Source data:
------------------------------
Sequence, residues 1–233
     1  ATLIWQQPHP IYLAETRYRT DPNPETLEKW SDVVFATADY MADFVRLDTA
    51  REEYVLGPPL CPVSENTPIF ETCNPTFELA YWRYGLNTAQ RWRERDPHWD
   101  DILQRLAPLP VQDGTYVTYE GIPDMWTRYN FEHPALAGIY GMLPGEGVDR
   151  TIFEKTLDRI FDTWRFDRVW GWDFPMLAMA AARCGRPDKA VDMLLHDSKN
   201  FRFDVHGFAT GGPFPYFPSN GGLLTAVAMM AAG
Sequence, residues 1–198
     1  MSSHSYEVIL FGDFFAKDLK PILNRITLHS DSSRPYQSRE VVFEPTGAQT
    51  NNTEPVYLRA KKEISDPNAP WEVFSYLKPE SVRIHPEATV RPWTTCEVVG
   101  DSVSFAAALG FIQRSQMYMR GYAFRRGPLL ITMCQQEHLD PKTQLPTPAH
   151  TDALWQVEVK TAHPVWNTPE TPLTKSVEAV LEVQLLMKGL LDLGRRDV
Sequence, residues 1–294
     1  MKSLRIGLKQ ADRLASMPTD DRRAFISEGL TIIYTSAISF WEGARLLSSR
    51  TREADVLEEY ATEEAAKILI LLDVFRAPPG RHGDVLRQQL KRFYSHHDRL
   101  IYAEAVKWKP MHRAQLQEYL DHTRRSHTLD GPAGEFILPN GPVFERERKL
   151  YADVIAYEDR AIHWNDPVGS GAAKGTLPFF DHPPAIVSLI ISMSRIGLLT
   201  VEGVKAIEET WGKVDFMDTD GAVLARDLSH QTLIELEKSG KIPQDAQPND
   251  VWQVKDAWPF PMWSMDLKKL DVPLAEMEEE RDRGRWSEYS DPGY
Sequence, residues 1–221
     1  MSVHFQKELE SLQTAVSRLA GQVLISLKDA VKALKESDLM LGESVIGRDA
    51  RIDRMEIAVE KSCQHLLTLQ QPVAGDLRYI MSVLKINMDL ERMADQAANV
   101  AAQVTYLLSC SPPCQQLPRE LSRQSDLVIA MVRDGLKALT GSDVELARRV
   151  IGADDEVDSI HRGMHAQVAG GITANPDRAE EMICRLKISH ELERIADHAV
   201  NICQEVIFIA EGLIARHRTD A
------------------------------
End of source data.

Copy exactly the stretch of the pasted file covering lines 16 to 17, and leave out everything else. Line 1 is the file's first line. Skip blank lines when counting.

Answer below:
   151  YADVIAYEDR AIHWNDPVGS GAAKGTLPFF DHPPAIVSLI ISMSRIGLLT
   201  VEGVKAIEET WGKVDFMDTD GAVLARDLSH QTLIELEKSG KIPQDAQPND